Classical piano soothes old elephants at Thai sanctuary

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British volunteer Paul Barton and his daughter Emily Barton, 4, play piano for sick, abused, retired and rescued elephants in sanctuary along Thailand-Myanmar border in Kanchanaburi, Thailand, December 9, 2018. (REUTERS)
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British volunteer Paul Barton and his daughter Emily Barton, 4, play piano for sick, abused, retired and rescued elephants in sanctuary along Thailand-Myanmar border in Kanchanaburi, Thailand, December 9, 2018. (REUTERS)
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Elephants eat their breakfast as they listen British volunteer Paul Barton plays piano for sick, abused, retired and rescued elephants in sanctuary along Thailand Myanmar border in Kanchanaburi, Thailand, December 9, 2018. (REUTERS)
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British volunteer Paul Barton plays piano for sick, abused, retired and rescued elephants in sanctuary along Thailand-Myanmar border in Kanchanaburi, Thailand, December 9, 2018. (REUTERS)
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British volunteer Paul Barton plays piano for sick, abused, retired and rescued elephants in sanctuary along Thailand-Myanmar border in Kanchanaburi, Thailand, December 9, 2018. (REUTERS)
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British volunteer Paul Barton unloads his piano before he plays for sick, abused, retired and rescued elephants in sanctuary along Thailand-Myanmar border in Kanchanaburi, Thailand, December 9, 2018. (REUTERS)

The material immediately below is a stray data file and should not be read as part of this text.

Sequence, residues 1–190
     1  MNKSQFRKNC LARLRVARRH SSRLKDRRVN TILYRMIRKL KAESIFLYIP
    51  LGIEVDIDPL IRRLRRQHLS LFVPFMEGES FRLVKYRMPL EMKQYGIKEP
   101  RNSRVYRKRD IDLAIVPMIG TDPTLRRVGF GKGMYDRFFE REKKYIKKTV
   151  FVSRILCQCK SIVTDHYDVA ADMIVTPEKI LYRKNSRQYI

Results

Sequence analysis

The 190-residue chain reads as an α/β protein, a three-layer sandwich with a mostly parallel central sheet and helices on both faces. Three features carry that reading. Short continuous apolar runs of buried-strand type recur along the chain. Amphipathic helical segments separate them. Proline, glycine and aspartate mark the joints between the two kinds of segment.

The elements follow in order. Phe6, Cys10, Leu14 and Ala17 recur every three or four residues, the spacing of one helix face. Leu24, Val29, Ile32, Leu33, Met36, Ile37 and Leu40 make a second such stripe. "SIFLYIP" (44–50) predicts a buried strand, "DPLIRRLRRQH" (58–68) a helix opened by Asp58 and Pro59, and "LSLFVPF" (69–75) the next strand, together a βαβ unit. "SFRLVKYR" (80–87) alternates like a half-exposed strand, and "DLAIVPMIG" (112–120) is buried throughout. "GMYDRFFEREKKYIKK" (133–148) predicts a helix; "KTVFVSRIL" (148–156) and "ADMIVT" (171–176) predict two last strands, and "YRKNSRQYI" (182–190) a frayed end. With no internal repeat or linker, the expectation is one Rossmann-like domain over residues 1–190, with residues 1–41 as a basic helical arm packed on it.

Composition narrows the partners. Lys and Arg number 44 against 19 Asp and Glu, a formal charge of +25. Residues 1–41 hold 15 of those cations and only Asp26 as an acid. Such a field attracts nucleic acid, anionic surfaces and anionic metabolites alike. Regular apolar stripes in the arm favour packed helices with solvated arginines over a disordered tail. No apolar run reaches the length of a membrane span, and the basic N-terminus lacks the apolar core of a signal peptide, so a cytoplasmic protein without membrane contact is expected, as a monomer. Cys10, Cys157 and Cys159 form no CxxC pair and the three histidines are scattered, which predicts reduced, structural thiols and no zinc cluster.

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British volunteer Paul Barton plays piano for sick, abused, retired and rescued elephants in sanctuary along Thailand-Myanmar border in Kanchanaburi, Thailand, December 9, 2018. (REUTERS)
Updated 14 December 2018
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Classical piano soothes old elephants at Thai sanctuary

  • At another music session, several elephants seemed to move their heads and move about in front of the piano as the notes flowed

KANCHANABURI, Thailand: Lam Duan, a 65-year-old, blind Thai elephant is enjoying her lunch, listening to Silent Night being played on a piano.
For eight years, pachyderms like Lam Duan — old, overworked and sometimes disabled — have been rehabilitated with music at Elephants World, a retirement sanctuary for the animals in the western Thai province of Kanchanaburi.
Almost 80 percent of about 3,000 elephants at tourist venues in Thailand, Cambodia, India, Laos, Nepal and Sri Lanka, endure poor living conditions and diets and are overworked, according to the animal welfare group World Animal Protection.
The animals at Elephants World get good food and treatment for their physical ailments, but the music is an extra, special treat they appear to love.
Several times a week, British classical pianist Paul Barton, 57, sets up a piano against a backdrop of forested slopes and plays for his four-legged friends.
“Maybe some of these blind elephants get a little bit of comfort from hearing pieces of soothing classical music occasionally,” says Barton, who studied at London’s Royal Academy of Arts.
Lam Duan approached Barton as he began to play and she appeared to calm down and focus on the music.
At another music session, several elephants seemed to move their heads and move about in front of the piano as the notes flowed.